Business continuity plans have been improving for years. They address almost every possible scenario from electricity loss to major disasters such as earthquakes, fires, or floods. The primary focus of disaster recovery plans has traditionally been real estate; if the primary physical site is unavailable, the business should be able to rebound from another site with as little disruption as possible. Over the past few months, however, we've experienced a different kind of disaster that forced employees around the world into a work-from-home model. Working from home has become the new standard for many organizations, and we'll likely see it continue for years to come.
The widespread adoption of work-from-home was an eye-opener for many executives. Not only did employees not abuse the situation as a sabbatical opportunity, but they also worked longer and harder than in the office. Some roles and responsibilities will never be possible to be taken remotely, but there is a significant percentage that will continue working remotely regardless of future developments. Major analyst's consensus is that between 5 and 20 percent of the office-based positions will likely remain working remotely at 74% of the organizations.
Organizations where most of the workforce is mobile, are in a better position to adapt to the new normal. Many have a majority of services already in the cloud, while others rely on virtual private networks (VPN) for remote access. One commonality is that most have collaboration and self-service readily available from anywhere.
Many other organizations are not that lucky and face a steep learning curve while quickly adapting to the new normal. Directly exposing internal services to the internet proved nearly catastrophic to some. Weak authentication, poor access control, and unpatched software make a data breach almost guaranteed. While VPNs offer a generally trusted solution, they come with shortfalls too; most organizations will struggle with the procurement of hardware, configuration, and additional bandwidth requirements. The secure deployment of a VPN is a time-consuming task. In general, VPNs do not scale well and are prone to DDoS type of attacks.
Oracle's solution for the remote workforce is based on zero trust architecture. It comprises Identity Cloud Services, Web Application Firewall, and the load balancer, all part of Oracle Cloud Infrastructure (OCI). The critical component of the solution is the AppGate, part of the IDCS. AppGate provides single sign-on to on-premise web applications by consuming IDCS authentication tokens, thus reducing the requirement for on-premise access management solutions while maintaining data residency where required. Based on reverse proxy technology, it finds new usage by being deployed in Oracle's cloud to interface between remote users and back end applications. The architecture provides a clear cut between on-premise and cloud while keeping the benefits of both.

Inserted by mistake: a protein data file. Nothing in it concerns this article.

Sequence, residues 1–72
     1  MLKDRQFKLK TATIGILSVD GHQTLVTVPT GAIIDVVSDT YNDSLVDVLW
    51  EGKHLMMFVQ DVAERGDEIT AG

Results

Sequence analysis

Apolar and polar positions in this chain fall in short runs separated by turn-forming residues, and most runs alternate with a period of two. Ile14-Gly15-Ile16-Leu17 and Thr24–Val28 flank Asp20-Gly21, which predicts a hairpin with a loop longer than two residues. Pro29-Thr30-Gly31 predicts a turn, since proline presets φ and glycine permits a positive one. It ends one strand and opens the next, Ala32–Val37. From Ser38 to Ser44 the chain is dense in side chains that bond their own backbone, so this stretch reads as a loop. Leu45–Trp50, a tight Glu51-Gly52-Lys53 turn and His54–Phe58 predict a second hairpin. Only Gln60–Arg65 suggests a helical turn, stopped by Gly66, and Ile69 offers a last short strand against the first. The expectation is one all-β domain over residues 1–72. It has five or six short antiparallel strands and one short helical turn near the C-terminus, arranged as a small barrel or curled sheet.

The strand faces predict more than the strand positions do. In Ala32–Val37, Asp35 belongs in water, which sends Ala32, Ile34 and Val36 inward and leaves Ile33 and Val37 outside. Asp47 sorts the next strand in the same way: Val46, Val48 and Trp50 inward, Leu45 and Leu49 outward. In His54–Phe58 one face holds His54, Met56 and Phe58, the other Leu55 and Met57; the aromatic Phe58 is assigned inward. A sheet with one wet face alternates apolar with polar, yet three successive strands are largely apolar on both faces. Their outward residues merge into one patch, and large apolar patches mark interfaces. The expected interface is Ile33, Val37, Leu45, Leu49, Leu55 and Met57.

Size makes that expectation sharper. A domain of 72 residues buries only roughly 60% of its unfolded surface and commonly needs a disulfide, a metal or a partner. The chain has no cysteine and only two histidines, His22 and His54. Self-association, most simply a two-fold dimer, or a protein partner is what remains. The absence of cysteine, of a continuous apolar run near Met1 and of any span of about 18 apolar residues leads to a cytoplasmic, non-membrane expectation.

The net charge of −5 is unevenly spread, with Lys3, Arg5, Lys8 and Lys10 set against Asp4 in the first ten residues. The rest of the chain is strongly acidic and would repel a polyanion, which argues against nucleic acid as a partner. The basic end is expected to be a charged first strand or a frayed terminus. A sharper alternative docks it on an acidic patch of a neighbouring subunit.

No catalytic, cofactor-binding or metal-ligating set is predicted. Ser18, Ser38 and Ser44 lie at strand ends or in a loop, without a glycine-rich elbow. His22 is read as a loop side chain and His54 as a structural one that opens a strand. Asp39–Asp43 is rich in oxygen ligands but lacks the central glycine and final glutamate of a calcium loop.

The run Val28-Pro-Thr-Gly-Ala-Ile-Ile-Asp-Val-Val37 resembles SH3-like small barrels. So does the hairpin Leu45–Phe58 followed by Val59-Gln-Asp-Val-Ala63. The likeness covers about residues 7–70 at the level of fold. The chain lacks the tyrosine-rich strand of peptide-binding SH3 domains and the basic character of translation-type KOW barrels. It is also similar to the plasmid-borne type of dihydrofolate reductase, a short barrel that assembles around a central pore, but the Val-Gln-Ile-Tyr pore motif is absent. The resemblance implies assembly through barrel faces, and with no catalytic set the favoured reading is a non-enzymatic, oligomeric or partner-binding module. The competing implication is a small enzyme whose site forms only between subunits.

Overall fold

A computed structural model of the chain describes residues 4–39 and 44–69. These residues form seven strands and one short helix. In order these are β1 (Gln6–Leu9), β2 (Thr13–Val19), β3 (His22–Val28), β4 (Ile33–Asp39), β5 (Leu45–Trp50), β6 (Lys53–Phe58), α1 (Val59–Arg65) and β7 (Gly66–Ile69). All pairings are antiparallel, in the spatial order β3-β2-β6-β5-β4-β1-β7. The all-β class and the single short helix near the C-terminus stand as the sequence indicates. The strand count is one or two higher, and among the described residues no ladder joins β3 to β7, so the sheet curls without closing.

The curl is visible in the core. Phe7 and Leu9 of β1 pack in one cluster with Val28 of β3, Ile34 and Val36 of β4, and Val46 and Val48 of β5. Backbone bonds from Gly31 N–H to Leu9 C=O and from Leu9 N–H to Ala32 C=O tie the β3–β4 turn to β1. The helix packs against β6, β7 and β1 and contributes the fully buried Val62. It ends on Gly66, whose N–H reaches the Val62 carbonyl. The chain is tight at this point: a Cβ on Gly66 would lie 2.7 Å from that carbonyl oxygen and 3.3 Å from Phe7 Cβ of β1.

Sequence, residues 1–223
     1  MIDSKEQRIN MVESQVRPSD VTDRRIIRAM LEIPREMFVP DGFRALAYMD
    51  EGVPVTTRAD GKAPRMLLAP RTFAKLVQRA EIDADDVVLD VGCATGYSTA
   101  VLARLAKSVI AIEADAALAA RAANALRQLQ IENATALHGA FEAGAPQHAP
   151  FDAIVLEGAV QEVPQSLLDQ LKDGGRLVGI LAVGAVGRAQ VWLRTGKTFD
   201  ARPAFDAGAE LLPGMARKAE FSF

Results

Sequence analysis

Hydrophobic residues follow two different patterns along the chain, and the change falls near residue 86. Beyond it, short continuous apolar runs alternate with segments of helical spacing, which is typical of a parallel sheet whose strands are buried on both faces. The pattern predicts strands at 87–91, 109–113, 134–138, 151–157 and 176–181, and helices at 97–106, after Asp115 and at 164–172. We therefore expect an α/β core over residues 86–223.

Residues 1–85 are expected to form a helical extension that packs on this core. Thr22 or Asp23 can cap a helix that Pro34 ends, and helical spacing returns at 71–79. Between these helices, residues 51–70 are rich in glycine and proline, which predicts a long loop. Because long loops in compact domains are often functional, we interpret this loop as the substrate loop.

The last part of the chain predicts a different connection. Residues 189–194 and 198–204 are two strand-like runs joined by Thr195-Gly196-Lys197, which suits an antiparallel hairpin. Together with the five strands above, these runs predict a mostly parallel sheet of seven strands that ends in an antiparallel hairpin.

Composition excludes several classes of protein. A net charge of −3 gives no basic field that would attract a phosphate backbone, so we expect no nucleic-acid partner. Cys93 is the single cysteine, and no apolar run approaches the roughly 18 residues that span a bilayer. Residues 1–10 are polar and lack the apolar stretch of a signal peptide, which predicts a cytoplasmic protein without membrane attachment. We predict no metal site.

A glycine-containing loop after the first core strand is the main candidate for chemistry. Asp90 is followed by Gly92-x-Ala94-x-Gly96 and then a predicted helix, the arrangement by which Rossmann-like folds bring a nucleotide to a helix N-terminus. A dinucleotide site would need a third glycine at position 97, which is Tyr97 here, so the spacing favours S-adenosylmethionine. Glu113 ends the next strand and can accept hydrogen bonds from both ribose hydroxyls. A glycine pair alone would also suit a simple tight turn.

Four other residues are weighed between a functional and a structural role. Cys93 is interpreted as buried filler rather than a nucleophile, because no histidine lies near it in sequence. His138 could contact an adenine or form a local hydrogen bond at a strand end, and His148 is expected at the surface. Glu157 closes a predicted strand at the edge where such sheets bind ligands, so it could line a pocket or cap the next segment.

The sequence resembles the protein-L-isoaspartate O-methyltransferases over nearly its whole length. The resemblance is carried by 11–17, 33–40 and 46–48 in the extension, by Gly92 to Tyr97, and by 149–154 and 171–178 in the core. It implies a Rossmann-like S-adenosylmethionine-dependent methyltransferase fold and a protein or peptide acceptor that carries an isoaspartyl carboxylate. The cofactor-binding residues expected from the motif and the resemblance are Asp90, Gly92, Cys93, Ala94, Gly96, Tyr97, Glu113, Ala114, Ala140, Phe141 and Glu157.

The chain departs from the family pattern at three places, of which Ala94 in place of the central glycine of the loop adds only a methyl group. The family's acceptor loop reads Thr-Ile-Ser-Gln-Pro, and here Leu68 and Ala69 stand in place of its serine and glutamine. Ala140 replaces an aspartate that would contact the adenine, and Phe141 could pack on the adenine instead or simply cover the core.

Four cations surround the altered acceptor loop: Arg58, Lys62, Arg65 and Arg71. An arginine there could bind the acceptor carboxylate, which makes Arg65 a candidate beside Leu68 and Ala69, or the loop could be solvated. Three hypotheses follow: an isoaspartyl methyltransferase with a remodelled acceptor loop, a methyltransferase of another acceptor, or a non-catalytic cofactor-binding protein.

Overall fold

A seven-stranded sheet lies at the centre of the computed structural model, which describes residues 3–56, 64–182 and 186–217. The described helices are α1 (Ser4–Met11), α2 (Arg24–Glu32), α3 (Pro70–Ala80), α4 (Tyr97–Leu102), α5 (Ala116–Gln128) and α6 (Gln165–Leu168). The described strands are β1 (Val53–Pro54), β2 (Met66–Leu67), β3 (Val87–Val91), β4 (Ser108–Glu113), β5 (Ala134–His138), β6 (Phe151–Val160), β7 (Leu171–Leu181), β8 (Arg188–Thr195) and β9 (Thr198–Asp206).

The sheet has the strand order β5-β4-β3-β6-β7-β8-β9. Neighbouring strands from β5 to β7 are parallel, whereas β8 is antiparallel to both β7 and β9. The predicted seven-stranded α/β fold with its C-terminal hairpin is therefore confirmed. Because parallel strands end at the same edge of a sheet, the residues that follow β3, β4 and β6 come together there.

Oracle Identity Cloud Service provides additional critical functionality to secure the solution. Password-based authentication is not sufficient for access to business-critical applications, which is effectively corrected with MFA provided by IDCS. Adaptive and risk-based authentication strengthens the solution further by providing device and browser fingerprinting and granular policies for authentication that meet the organization's business model. The protection is not limited to browser-based applications, as any web service API can be protected. If user preference is access via mobile apps, it is provided transparently with the same security posture.
Authorization and audit capabilities of IDCS reduce time to value by removing otherwise required mapping between VPN access log and target web applications.
In the recently released Oracle and KPMG Cloud Threat Report 2020, proven attack types such as phishing persisted, and 44% of organizations reported being a target in the past 24 months. Targeting high worth assets, also known as spear phishing, is on a particular rise. Recent reports in various publications corroborate Oracle's and KPMG's findings. PC Mag reports a 350% increase of phishing attacks based on data from a major webmail site while niche security vendors report up to 300x rise in attacks based on recent events. In addition to identity and access management and adaptive access management, Oracle and KPMG Cloud Threat Report recommends MFA as an essential security control.
In the next week’s post, we will describe the components into more detail and provide recommended deployment topology. Stay tuned.
GETTING STARTED WITH ORACLE REMOTE WORKFORCE SOLUTION
For a quick overview of IDCS MFA go here.
For steps on how to use the Application Gateway go here.
For more information on IDCS go here.
For more information on WAF go here.
For more information on OCI Networking solutions go here.
You can get a trial Oracle cloud account here.
Watch the webinar: IDCS for Enterprise Apps